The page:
PULITZERS COME IN DOUBLES THIS YEAR

By: Joe Strupp

2001 Awards Announced


Coverage of the Elian Gonzalez saga garnered two Pulitzer Prizes as the annual awards were announced Monday afternoon at Columbia University. The Miami Herald won top prize in the breaking news category for its overall Elian coverage and Associated Press photographer Alan Diaz took the spot news photography award for his now-famous shot of federal agents seizing Gonzalez at gunpoint.

In most other categories, double winners were the order of the day as The New York Times, The Wall Street Journal, The Oregonian, and Chicago Tribune garnered two Pulitzers each for coverage of everything from prescription drugs to air traffic control problems.

For the second year in a row, a conservative columnist from The Wall Street Journal took the Pulitzer for commentary as Dorothy Rabinowitz won the award, which last year went to fellow Journal columnist Paul Gigot.

The 19-member Pulitzer Board, which chooses from among three finalists recommended by nominating committees in each of the 14 categories, took the unusual step of dismissing the three commentary finalists and asking the committee for another nomination, according to Pulitzer Administrator Seymour Topping. He said the committee then recommended Rabinowitz, whom the board chose as the winner.

“It is a rare occurrence,” Topping said as he explained the move. “The work of the three finalists was truly outstanding. Nevertheless, at times and in this case, the board decided it wanted a broader choice.”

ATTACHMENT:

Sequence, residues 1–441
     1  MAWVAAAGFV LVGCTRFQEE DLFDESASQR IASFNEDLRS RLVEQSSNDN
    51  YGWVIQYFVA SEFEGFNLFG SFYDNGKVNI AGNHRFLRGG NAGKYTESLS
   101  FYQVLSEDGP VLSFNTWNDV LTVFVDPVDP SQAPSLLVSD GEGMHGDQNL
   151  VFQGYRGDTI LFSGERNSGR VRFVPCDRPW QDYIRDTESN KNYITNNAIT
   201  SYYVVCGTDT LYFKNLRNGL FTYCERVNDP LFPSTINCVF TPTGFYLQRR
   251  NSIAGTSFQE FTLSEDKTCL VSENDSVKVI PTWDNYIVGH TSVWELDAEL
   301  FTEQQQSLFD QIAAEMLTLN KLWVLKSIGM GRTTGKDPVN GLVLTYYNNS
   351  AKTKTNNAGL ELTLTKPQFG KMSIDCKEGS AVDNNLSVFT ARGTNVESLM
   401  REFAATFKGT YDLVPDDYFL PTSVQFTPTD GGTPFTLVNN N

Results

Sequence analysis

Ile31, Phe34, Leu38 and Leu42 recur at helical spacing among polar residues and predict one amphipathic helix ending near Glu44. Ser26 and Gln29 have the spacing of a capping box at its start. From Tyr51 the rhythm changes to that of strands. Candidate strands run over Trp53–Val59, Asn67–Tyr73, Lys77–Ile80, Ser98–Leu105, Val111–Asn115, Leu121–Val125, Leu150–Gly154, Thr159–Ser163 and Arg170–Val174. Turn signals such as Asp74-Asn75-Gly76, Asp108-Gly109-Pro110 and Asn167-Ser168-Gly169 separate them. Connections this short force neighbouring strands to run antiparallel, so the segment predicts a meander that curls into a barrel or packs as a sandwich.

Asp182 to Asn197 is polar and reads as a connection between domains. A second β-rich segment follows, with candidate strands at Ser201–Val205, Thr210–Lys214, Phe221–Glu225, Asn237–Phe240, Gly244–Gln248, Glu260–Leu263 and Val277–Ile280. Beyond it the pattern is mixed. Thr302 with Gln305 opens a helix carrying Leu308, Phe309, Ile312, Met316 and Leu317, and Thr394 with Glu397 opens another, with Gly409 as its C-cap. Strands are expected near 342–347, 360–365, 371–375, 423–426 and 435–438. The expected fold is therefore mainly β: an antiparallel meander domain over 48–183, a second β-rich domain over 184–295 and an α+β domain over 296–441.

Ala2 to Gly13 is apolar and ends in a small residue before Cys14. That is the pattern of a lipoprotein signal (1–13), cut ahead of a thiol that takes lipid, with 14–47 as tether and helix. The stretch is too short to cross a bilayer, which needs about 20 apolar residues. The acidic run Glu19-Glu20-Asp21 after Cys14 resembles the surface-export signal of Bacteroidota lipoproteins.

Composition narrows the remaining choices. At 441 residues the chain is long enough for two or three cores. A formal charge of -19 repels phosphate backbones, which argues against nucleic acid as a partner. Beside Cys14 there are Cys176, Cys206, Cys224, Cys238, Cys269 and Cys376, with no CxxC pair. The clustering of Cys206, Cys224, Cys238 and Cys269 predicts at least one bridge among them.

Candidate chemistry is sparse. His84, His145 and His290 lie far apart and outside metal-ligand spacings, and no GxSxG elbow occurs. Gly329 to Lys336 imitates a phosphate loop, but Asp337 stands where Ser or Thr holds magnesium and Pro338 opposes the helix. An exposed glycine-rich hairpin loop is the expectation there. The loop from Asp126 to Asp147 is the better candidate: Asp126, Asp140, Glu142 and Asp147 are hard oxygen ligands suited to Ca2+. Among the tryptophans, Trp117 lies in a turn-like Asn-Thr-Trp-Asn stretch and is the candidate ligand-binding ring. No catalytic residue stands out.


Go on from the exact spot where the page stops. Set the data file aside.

The three commentary finalists passed over in favor of Rabinowitz included Karen Heller and Trudy Rubin of The Philadelphia Inquirer, and Derrick Z. Jackson of The Boston Globe. The last time the board chose a winner that was not a finalist was in 1998 when Stephen P. Breen of the Asbury Park (N.J.) Press won for editorial cartooning.

Another rare occurrence took place this year with a split award in the international reporting category, which went to Ian Johnson of The Wall Street Journal for reporting on Chinese suppression of the Falun Gong movement and Paul Salopek of the Chicago Tribune, who won his second Pulitzer for reporting on political strife and disease ravaging Africa. The international reporting category had not had a double-winner since 1993.

The New York Times added to its long list of Pulitzers with the national reporting award for its highly-touted series on race and the beat reporting award to staff writer David Cay Johnston for exposing loopholes and other problems in the U.S. tax code.

Tom Hallman, Jr. of The Oregonian won for feature writing with his profile of a disfigured 14-year-old boy’s struggle to improve his appearance through a life-threatening operation. The Oregonian also took home the public service award for its investigation of problems in the U.S. Immigration and Naturalization Service.

David Willman of the Los Angeles Times won that paper’s only prize this year with the investigative reporting award for “an expose of seven unsafe prescription drugs that had been approved by the FDA.” A profile of problems in the air traffic control system, labeled “Gateway to Gridlock” won the explanatory prize for the Chicago Tribune.

Other editorial awards included: Gail Caldwell of The Boston Globe for criticism, David Moats of the Rutland (Vt.) Herald for editorial writing, and Ann Telnaes of The Los Angeles Times syndicate for editorial cartooning. Matt Rainey of the Star-Ledger of New Jersey won the feature photography award for his shot of two students recovering from burns suffered in the Seton Hall University fire.

The cash prize for each winner, excluding the public service award, was increased this year from the previous $5,000 to $7,500.

For a complete list of winners, visit Pulitzer.org.



Joe Strupp (jstrupp@editorandpublisher.com) is an associate editor for E&P.



Copyright 2001, Editor & Publisher.

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